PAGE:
In "Historic Doubts on the Life and Reign of King Richard III", Walpole defended Richard III against the common belief that he murdered the Princes in the Tower. In this he has been followed by other writers, such as Josephine Tey and Valerie Anand.

The Orford Walpoles were not related to the popular Twentieth century novelist, Hugh Walpole (1884–1941).

Personal life

Walpole's sexual orientation has been the subject of speculation. He never married, engaging in a succession of unconsummated flirtations with unmarriageable women, and counted among his close friends a number of women such as Anne Seymour Damer and Mary Berry named by a number of sources as lesbian.Rictor Norton (Ed.), "A Sapphick Epistle, 1778", Homosexuality in Eighteenth-Century England: A Sourcebook. 1 December 1999, updated 23 February 2003 Retrieved on 2007-08-16] Many contemporaries described him as effeminate (one political opponent called him "a hermaphrodite horse"). [Paul Langford, "Walpole, Horatio , fourth earl of Orford (1717–1797)", "Oxford Dictionary of National Biography", Oxford University Press, 2004; online edn, May 2005 [http://www.oxforddnb.com/view/article/28596 accessed 19 Aug 2007] ] The architectural historian Timothy Mowl, in his biography "Horace Walpole: The Great Outsider" offers the theory that Walpole was openly homosexual, and infers that he had an affair with Thomas Gray, dropping him during their Grand Tour in favour of Lord Lincoln (later the 2nd Duke of Newcastle-under-Lyne). ["Horace Walpole: The Great Outsider", Timothy Mowl, John Murray, 1998, ISBN 0719556198] [ [http://findarticles.com/p/articles/mi_qa3724/is_199609/ai_n8739134 Who's Horry now?] , Bevis Hillier, "The Spectator", September 14, 1996] Nevertheless, there is no explicit evidence despite Walpole's extensive correspondence, and previous biographers such as Lewis, Fothergill and Robert Wyndham Ketton-Cremer have interpreted him as asexual. [Queering Horace Walpole, George E Haggerty, SEL Studies in English Literature 1500-1900 46.3 (2006) 543-562, Johns Hopkins University Press]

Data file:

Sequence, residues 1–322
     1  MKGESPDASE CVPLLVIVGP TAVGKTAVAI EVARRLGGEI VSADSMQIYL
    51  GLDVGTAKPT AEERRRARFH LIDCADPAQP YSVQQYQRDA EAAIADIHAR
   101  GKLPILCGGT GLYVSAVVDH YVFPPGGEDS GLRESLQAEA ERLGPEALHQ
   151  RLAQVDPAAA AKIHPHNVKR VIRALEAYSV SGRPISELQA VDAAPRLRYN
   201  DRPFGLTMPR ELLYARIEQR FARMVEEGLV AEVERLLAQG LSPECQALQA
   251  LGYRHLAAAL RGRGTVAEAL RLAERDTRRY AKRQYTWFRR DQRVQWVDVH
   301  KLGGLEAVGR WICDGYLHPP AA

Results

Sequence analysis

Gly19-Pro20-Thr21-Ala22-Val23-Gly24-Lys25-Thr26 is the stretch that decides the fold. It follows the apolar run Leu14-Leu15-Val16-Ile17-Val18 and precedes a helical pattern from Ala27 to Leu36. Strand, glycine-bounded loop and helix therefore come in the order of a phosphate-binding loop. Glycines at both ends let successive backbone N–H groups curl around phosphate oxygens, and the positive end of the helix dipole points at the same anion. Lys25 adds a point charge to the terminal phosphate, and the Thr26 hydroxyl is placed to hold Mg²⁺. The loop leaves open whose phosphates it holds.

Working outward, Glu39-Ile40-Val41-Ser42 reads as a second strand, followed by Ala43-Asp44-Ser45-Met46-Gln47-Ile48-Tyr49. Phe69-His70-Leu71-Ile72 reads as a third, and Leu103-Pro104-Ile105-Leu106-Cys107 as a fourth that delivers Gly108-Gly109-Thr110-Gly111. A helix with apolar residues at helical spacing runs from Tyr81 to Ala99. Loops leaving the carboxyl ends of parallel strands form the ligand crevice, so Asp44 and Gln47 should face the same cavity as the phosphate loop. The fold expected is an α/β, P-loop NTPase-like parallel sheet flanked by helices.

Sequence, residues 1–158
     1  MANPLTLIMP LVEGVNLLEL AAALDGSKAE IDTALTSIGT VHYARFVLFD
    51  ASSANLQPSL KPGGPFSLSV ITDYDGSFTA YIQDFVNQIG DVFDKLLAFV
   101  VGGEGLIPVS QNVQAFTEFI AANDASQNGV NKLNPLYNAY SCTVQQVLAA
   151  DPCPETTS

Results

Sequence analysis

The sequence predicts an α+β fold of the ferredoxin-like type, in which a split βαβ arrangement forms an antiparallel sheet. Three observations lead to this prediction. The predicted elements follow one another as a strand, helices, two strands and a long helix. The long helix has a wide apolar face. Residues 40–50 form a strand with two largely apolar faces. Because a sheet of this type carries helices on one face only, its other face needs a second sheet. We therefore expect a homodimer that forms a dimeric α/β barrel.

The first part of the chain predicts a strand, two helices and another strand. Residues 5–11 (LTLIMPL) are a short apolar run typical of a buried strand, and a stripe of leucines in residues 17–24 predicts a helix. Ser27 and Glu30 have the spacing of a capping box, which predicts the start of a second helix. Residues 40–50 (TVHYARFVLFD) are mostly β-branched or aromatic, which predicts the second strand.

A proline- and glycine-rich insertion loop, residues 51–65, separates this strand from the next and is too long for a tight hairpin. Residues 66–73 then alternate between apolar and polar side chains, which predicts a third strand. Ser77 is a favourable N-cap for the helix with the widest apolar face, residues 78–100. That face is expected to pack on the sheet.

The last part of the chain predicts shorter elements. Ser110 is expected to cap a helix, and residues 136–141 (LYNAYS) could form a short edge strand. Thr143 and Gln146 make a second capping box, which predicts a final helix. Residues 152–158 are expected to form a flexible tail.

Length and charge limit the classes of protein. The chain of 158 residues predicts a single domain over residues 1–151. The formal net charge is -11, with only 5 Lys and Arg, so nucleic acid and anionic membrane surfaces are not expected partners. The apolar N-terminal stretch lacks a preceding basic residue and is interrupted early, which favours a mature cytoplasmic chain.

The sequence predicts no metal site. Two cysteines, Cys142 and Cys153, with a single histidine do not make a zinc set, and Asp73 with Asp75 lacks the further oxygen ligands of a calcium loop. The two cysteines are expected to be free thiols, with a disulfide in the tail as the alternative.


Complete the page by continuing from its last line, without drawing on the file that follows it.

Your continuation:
Formal styles from birth to death

*Mr. Horace Walpole (1717-1741)
*Mr. Horace Walpole, MP (1741-1742)
*The Hon. Horace Walpole, MP (1742-1768)
*The Hon. Horace Walpole (1768-1791)
*The Rt. Hon. The Earl of Orford (1791-1797)

His beloved Cat

*When Walpole's cat Selma died, Thomas Gray wrote a poem .

His Legacy at Eton

*Walpole lends his name to a boarding house (Also known as MNF) at his alma mater, Eton College


ee also


External links

* [http://www.litencyc.com/php/speople.php?rec=true&UID=4587 The Literary Encyclopedia.]
*gutenberg author| id=Horace+Walpole | name=Horace Walpole, 4th Earl of Orford
** [http://www.gutenberg.net/etext/4609 The Letters of Horace Walpole, Volume 1]
** [http://www.gutenberg.net/etext/4610 The Letters of Horace Walpole, Volume 2]
** [http://www.gutenberg.net/etext/4773 The Letters of Horace Walpole, Volume 3]
** [http://www.gutenberg.net/etext/4919 The Letters of Horace Walpole, Volume 4]
** [http://www.gutenberg.net/etext/12073 Letters of Horace Walpole, Volume I]
** [http://www.gutenberg.net/etext/12074 Letters of Horace Walpole, Volume II]
** [http://www.gutenberg.net/etext/696 The Castle of Otranto]
* [http://www.friendsofstrawberryhill.org The Friends of Strawberry Hill]
* [http://www.twickenham-museum.org.uk/detail.asp?ContentID=140 The Twickenham Museum - Horace Walpole]
* cite web |publisher= Victoria and Albert Museum
url= http://www.vam.ac.uk/collections/furniture/stories/walpole/index.html
title= The Walpole Cabinet
accessdate= 2007-08-12